California Board Seeks to Ban Iconic Beach Firepits

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California Board Seeks to Ban Iconic Beach Firepits

Postby Wilberforce » Wed Jul 10, 2013 9:29 pm

California Board Seeks to Ban Iconic Beach Firepits
July 9, 2013

Cheryl K. Chumley (ckchumley@gmail.com) writes from Northern Virginia. (read full bio)

California’s South Coast Air Quality Management District is proposing to give cities the authority to outlaw fire pits within their jurisdictions if they find the fires are nuisances. The proposal jeopardizes one of the iconic images of California’s surfer culture, where surfers often end the day around a fire pit on the beach.

The government proposal reflects American Lung Association opposition to beach fires, claiming they release too much air pollution.

Unprecedented Restrictions
For those fire pits that are not banned, the South Coast Air Quality Management District (SCAQMD) proposes all must be located at least 700 feet from the closest residence and at least 100 feet from each other.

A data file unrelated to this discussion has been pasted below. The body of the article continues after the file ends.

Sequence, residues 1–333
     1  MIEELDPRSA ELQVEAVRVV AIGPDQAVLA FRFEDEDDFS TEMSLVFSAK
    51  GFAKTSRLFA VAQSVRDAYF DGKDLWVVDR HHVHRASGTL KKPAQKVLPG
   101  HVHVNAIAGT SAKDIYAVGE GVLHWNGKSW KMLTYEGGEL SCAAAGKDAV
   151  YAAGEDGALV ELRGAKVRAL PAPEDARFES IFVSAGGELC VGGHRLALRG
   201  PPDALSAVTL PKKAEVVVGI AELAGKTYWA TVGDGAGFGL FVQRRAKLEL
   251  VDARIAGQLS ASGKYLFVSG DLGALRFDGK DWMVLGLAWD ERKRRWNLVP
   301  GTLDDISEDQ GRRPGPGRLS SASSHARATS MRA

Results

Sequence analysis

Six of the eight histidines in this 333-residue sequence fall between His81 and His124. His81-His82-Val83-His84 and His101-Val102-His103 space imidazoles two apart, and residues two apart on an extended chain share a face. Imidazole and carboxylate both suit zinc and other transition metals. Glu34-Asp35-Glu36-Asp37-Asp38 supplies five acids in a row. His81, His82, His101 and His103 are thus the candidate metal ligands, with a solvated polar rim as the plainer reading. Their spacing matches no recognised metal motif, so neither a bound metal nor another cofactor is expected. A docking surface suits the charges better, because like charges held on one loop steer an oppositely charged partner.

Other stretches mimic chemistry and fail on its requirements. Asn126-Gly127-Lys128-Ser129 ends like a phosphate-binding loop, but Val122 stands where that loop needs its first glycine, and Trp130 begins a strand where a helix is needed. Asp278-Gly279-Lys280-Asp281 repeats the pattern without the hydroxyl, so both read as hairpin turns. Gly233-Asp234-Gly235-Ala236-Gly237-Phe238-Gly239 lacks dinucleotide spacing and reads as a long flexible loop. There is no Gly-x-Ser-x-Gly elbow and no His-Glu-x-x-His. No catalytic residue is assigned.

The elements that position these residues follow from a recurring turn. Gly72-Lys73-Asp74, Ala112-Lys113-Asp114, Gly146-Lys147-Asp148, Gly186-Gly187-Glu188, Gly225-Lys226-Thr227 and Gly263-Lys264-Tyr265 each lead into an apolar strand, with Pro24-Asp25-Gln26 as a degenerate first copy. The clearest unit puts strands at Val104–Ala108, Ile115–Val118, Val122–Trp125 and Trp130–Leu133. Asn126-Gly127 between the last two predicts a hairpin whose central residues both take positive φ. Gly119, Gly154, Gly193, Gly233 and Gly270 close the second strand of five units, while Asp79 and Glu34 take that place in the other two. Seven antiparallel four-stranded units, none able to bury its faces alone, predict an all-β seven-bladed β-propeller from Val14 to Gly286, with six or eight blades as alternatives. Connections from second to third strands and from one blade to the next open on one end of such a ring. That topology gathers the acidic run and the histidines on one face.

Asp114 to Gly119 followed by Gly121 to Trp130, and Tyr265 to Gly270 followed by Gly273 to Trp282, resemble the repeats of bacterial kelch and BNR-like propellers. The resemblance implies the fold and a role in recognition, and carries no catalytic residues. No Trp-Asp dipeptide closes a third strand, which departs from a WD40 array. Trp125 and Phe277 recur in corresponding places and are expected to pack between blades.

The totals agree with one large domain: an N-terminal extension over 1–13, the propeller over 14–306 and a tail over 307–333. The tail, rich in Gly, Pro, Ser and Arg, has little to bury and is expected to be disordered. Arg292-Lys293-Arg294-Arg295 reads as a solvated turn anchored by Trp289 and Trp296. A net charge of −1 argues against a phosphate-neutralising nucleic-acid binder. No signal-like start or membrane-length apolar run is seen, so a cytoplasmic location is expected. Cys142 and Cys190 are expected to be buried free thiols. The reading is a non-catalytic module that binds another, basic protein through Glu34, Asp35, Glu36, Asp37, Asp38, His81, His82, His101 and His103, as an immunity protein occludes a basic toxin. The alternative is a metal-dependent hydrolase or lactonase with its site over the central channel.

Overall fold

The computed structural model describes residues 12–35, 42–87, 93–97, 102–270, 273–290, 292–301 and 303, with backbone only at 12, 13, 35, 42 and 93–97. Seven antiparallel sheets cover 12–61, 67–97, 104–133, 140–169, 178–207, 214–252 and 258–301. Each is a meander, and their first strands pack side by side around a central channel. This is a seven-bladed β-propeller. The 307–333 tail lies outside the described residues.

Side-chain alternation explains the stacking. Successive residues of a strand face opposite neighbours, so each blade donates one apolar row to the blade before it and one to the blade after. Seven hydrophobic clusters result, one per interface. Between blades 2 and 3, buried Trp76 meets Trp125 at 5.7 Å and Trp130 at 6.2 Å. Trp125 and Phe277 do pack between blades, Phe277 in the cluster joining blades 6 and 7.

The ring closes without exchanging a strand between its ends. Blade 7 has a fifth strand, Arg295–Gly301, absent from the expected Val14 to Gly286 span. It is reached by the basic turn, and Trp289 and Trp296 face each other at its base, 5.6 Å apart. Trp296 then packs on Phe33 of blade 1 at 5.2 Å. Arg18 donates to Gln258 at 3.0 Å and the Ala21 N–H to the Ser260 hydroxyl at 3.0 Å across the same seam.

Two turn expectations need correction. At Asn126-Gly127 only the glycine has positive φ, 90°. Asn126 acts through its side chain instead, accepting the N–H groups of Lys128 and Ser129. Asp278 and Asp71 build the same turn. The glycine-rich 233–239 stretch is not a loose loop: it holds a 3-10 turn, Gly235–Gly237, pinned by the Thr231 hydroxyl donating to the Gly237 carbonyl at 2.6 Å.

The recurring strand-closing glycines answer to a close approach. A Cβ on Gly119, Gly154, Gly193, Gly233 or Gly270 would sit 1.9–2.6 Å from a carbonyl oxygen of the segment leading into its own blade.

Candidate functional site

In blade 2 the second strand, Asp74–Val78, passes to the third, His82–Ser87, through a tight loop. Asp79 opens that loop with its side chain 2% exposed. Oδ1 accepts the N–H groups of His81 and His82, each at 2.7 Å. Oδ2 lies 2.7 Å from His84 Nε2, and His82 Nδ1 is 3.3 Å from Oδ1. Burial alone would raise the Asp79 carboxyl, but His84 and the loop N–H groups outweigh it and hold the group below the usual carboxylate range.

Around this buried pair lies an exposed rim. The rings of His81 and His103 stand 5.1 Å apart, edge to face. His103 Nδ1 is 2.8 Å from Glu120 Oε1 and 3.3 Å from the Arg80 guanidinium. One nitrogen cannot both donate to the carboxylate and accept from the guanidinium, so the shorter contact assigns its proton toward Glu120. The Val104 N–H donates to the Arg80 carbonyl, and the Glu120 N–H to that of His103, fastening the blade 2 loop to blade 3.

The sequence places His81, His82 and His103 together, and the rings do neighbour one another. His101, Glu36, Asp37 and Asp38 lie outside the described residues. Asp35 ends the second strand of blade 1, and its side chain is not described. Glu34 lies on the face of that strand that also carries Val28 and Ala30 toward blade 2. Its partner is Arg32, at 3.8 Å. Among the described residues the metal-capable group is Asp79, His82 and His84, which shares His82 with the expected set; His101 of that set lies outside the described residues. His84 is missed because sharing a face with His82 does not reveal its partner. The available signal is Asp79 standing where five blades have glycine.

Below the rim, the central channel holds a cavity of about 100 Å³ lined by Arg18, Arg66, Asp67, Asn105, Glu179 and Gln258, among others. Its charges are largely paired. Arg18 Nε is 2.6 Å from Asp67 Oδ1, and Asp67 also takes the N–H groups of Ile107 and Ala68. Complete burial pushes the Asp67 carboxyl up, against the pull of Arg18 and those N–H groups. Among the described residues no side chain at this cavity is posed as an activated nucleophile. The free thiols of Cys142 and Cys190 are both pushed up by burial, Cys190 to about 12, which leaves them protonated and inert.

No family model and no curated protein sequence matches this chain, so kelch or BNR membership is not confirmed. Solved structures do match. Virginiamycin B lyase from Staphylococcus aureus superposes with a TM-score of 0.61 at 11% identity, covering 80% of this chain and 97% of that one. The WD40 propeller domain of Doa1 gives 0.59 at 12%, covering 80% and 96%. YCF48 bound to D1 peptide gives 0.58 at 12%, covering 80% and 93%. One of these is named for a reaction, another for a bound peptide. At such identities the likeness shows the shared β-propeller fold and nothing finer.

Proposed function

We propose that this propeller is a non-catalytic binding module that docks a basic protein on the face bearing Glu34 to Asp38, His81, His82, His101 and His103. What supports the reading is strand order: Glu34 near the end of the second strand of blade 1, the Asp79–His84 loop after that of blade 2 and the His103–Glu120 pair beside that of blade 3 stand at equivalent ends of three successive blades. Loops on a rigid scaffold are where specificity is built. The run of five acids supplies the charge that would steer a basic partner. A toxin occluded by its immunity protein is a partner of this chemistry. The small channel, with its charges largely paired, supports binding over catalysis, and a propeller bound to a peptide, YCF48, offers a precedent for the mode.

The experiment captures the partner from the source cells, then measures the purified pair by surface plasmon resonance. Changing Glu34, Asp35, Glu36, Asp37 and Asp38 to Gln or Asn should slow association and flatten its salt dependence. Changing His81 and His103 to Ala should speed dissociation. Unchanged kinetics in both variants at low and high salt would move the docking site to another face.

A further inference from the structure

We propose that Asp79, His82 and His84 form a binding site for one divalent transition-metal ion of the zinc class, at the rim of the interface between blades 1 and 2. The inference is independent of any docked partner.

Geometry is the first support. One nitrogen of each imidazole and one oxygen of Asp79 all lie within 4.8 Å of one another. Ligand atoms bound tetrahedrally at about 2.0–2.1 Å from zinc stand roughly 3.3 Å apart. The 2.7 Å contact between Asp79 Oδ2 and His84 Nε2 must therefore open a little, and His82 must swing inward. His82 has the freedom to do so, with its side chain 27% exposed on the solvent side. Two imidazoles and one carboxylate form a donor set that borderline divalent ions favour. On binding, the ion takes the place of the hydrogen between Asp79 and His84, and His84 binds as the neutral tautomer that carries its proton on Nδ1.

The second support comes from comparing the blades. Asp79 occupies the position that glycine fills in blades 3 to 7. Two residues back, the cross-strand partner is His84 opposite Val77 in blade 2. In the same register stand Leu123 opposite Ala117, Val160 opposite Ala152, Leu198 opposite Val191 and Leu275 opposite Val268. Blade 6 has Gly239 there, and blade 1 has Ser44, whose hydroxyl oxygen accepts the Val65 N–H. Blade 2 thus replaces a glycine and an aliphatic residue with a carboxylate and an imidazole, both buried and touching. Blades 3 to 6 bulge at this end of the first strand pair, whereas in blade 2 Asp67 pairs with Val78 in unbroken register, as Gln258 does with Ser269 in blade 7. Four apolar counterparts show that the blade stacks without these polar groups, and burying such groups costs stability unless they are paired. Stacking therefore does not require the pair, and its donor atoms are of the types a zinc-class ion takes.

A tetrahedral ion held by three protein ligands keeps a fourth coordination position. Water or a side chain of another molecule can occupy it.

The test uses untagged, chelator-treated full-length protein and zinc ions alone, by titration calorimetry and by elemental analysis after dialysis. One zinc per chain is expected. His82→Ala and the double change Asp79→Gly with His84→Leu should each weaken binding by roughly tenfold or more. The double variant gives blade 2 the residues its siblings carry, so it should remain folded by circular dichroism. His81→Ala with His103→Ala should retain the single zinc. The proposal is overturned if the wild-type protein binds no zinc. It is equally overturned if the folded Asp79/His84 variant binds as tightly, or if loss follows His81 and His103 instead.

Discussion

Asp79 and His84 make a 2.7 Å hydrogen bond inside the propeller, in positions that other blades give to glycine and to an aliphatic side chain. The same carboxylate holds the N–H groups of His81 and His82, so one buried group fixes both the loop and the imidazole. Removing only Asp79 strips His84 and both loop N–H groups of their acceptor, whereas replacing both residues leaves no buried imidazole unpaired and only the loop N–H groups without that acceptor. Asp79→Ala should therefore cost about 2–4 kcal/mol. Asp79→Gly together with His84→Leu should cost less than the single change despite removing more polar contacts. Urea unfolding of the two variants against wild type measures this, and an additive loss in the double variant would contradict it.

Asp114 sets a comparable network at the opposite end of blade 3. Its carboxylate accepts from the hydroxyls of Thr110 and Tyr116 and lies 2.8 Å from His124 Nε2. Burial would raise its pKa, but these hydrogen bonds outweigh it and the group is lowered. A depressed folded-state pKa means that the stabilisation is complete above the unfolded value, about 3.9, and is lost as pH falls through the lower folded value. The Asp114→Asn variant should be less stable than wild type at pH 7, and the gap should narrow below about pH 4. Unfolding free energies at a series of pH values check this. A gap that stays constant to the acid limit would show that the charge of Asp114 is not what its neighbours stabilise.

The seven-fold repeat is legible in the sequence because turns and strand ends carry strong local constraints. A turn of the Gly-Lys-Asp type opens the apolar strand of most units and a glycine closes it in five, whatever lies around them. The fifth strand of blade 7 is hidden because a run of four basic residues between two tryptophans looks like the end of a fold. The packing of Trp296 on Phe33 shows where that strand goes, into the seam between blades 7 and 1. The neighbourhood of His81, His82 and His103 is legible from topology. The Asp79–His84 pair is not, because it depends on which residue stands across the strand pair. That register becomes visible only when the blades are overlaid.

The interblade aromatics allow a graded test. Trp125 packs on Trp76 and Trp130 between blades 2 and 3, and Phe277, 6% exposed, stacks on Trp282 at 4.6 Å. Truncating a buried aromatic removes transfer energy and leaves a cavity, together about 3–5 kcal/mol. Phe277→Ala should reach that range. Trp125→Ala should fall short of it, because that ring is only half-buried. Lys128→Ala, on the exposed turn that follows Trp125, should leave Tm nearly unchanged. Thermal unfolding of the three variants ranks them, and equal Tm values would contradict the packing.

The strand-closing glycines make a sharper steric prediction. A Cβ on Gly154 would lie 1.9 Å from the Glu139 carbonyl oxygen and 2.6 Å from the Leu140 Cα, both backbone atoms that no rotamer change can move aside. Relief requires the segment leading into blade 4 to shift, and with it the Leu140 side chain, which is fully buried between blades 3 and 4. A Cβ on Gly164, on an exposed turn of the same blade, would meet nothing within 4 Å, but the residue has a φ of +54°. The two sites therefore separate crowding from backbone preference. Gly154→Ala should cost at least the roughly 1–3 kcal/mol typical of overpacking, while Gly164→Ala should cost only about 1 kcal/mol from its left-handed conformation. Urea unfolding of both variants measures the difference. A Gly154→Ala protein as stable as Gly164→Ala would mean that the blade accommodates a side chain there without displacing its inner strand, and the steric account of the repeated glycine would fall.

Sam Atwood, media relations manager for SCAQMD, told Environment & Climate News the group’s governing board has scheduled a vote on the issue this summer.

Concerned About Crowds
Several Southern California cities are debating whether to ban fire pits on the beach. Beachgoers oversee approximately 850 beach fire pits in the Los Angeles and Orange County areas. Some landowners complained about the crowds and noise, asking government regulators to ban the fire pits to keep people off the beaches at night.

ALA Alleges Health Threats
A spokesperson for the American Lung Association in California says the fire pits are a health threat.

“Fire rings are creating hazards in communities that are damaging to one’s health and to the health of residents who live nearby,” said Bonnie Holmes-Gen, senior director for policy and advocacy for the American Lung Association in California. “We’re very concerned about the impact of the smoke, … and it contributes to asthma attacks, strokes, a number of respiratory illnesses, and it can even cause premature death.”